Europe vulnerable to livestock epidemics, warning delivered at FAO press conference


Transport of animals over long distances is one cause of the growing threat of livestock epidemics in Europe

Europe faces a growing threat of devastating animal disease epidemics, FAO warned at a press conference held in Brussels, Tuesday 17 February. This is mainly the result of long-distance transport of animals and increasingly dense livestock populations within certain areas in the region. Nine of the 15 major epidemic livestock diseases recorded internationally have occurred in Europe during recent years.

The trend toward moving animals and animal products over long distances has accelerated within the European Union (EU) since the creation of the single market, according to FAO. And the opening of trade routes between Europe, the Near East and the Commonwealth of Independent States could allow animals infected with diseases such as foot-and-mouth disease (FMD) to enter Central or even Western Europe if they escape detection by official border controls.

Severe outbreaks of FMD in Albania, the former Yugoslav Republic of Macedonia and the Federal Republic of Yugoslavia in 1996, for example, were believed to have been caused by buffalo meat on the bone imported into Albania from Asia. Control of FMD, a contagious viral disease that affects cattle, other ruminants, and pigs, was achieved by a combination of destroying infected animals and vaccination.

Dense livestock populations also favour the rapid spread of infections. In areas of Europe, farms can contain thousands of animals, kept for breeding or fattening. In certain parts of Belgium, the Netherlands and northern Germany, for example, the density of pigs can reach as many as 9 000 animals per square kilometre of agricultural land. Overcrowding has been cited as a major factor contributing to the spread of Classical Swine Fever (CSF) in those countries in 1996 and 1997. Outbreaks of CSF were recorded in some 12 countries in Europe in 1996.

Since then the situation has deteriorated even further with major epidemics in the pig-raising areas of the Netherlands and one area of Spain in 1997. Earlier this year Germany faced an outbreak of the disease in the northeastern region of the country. Some 62 000 pigs were destroyed to eradicate the disease. The epidemiological situation and control are complicated by the fact that the CSF virus is also widely established in the wild boar population in several areas in Europe.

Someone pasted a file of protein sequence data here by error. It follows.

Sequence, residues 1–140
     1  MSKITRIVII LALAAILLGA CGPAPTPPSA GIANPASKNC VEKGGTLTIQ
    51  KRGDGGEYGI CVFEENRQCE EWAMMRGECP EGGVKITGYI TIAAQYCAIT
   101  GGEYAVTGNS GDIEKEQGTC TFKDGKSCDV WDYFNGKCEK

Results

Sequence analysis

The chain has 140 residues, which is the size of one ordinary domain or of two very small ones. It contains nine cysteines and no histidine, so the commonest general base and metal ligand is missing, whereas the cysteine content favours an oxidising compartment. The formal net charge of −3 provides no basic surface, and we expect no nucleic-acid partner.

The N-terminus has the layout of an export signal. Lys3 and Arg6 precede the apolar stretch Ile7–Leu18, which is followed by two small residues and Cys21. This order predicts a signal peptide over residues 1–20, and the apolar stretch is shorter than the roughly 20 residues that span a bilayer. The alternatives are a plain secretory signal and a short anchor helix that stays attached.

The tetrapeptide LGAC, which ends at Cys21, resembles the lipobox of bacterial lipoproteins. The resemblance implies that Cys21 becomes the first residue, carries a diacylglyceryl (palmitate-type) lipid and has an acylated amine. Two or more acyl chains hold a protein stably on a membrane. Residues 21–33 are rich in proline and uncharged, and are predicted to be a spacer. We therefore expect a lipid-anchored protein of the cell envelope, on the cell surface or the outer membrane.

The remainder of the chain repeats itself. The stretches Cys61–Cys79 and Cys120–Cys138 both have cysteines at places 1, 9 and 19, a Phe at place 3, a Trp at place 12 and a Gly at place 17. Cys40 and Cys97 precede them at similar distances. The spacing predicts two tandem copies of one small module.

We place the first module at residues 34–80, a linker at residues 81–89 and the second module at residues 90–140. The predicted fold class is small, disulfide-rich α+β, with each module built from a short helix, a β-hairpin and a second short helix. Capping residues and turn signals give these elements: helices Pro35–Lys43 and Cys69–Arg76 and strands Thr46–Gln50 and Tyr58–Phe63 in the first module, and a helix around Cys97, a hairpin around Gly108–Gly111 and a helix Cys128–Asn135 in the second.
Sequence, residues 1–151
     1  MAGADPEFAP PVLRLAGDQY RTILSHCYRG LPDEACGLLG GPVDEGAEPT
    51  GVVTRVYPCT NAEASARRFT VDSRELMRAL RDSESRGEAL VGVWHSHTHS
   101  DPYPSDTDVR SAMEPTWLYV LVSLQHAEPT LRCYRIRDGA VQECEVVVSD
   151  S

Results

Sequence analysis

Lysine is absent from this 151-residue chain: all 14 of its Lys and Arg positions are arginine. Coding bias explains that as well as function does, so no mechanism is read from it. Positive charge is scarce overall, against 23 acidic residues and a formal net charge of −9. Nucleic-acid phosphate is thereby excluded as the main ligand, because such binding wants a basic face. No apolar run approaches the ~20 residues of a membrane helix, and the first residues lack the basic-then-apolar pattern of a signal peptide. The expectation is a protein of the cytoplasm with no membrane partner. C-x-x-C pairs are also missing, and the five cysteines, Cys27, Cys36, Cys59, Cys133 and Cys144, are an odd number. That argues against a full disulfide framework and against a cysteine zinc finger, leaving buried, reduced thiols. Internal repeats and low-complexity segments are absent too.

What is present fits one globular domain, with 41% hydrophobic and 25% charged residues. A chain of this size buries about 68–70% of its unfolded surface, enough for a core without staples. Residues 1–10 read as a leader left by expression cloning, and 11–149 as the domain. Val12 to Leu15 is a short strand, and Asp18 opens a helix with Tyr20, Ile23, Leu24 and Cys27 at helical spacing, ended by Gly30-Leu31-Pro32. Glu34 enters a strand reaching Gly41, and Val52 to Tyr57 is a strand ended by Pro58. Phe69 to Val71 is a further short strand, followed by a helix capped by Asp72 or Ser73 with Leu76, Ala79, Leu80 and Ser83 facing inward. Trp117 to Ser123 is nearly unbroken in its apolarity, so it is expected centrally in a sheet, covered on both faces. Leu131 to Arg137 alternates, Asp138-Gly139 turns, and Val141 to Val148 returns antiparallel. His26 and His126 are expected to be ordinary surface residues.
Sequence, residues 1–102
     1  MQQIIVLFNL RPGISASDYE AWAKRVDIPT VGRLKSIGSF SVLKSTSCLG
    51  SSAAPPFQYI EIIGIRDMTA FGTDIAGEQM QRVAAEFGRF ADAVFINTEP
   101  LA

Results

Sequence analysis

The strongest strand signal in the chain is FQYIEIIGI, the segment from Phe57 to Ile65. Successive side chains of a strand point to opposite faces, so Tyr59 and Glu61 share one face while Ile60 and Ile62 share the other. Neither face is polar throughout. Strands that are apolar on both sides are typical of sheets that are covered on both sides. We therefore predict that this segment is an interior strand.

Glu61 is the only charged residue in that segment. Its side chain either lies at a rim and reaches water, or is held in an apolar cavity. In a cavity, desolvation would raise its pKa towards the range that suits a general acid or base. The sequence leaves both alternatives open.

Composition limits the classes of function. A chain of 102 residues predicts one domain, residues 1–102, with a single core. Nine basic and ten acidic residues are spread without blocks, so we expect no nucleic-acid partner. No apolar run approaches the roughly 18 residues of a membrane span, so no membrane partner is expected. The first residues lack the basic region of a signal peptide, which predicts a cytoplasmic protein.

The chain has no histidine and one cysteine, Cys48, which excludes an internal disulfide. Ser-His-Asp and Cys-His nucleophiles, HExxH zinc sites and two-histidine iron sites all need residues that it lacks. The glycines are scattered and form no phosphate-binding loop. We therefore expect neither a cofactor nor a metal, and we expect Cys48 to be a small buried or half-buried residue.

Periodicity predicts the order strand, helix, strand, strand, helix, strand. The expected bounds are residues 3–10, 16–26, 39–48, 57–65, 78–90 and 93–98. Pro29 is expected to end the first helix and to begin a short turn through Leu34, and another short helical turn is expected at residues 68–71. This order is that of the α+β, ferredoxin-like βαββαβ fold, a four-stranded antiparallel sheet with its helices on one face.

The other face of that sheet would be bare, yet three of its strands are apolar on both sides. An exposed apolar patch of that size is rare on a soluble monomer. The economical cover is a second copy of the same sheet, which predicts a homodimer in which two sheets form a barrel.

Overcrowding has also been linked to increased pollution from animal wastes. "The high concentration of farms and animals, which favours the spread of diseases, is also a source of increasing environmental pollution, which should probably not be tolerated in the future", said Yves Leforban, Senior FAO Animal Health Officer. The Organization has urged planning authorities to introduce initiatives towards reducing this density.

Improved livestock certification and identification, as well as an effective system of checks on identity and health status of livestock, must accompany the liberalization of European trade, according to FAO. The Organization has also recommended that all European countries prepare contingency plans in order to respond immediately to any outbreak. It warned that there is a risk that the "institutional coherence" of many European veterinary services is being destroyed by two forces: the drive to reduce the size of the public sector and the fragmentation of services caused by the delegation of power from national to regional level.

17 February 1998

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